Yes, you are absolutely right. There isn’t a single good reason to add and remove memory while the PC is running. But I’ve found at least two bad reasons for doing so: because I can, and to be honest, I wasn’t sure exactly what was happening before. If you feel the same way, you can change that by reading this article.
I also have to admit that this experiment was somewhat unique from my series of more or less pointless tests (more on that at the end of the article). I’ve installed and removed graphics cards, CPUs and RAM a thousand times while the computer was off – but never while it was on. A somewhat frightening and at the same time special experience.
But enough about me, let’s switch to you! More precisely, it’s about your assessment of what exactly happens when you swap RAM on the fly? Please feel free to take part in the following two surveys before we look at the results. Of course, if you want to cheat, you can easily do that. But that would be just as pointless as adding and removing RAM while the computer is still running.
On the other hand, it is much more advisable to check whether you are also operating your RAM at the clock speeds and timings that it supports – which in my experience is often overlooked. You can find out more about this in the article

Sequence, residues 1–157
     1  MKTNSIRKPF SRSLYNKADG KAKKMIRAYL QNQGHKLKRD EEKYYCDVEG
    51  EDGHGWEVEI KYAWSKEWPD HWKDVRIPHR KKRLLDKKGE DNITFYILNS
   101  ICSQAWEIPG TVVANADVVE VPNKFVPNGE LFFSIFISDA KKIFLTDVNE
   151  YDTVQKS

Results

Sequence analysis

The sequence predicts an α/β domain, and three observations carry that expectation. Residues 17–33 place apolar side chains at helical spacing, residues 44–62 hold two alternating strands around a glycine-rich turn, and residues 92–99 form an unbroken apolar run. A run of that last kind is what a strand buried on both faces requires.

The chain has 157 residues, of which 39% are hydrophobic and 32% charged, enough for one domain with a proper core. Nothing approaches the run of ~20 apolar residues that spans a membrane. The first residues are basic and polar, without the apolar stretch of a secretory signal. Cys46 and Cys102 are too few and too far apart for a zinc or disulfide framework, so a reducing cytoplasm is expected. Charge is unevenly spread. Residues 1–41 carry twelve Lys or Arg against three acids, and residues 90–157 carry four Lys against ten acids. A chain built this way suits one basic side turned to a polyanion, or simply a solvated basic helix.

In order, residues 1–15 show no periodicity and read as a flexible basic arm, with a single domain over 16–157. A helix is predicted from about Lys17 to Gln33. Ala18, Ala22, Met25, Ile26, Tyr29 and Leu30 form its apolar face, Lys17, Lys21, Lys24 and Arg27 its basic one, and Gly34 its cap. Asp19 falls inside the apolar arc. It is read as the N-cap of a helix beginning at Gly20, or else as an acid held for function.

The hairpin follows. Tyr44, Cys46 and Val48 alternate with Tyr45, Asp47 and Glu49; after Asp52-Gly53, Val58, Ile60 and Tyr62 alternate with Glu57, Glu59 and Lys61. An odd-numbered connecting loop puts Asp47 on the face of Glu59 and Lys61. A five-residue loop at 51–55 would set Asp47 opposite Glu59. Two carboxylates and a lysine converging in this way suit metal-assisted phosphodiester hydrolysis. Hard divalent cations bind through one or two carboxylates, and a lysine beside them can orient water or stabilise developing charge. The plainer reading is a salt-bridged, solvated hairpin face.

Why many PCs run too slowly and how this can easily be changed
First survey (remove RAM)
Second survey (install RAM)
The resolution based on my own experiences with two different test systems can be found behind a click in the following info box.
Resolution: What happens when you change the RAM during operation?
My two test PCs with AMD and Intel CPUs (Socket AM4 or Socket 1151) and DDR4 RAM reacted identically to removing one of the two RAM bars: The PC hung up, so the image froze immediately and the The computer didn’t respond to any inputs. Incidentally, unsurprisingly, the same thing happens if only one RAM stick is installed.
The situation is different if you install a second RAM stick during operation. At least my test systems completely ignored th is and I was able to continue using them normally. However, the additional RAM bar was only recognized after the PC was switched off and on again. Just restarting Windows is not enough.
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Incidentally, no hardware was damaged in the course of this small experiment. So I was able to continue using all the components and the entire PC afterwards without any problems. Of course, the whole thing is not recommended for imitation – even if I’m sure that it doesn’t really need this hint in this case.
More hardware experiments in
What happens if…-style I have already performed in the past. Check out the following articles if you’ve got a taste:
Feel free to write in the comments which answer you voted for and why. Also, if there are any other experiments you want me to torment my test systems with, please let me know. As long as it can be assumed that the hardware will not be damaged, I am still willing to do some outrages.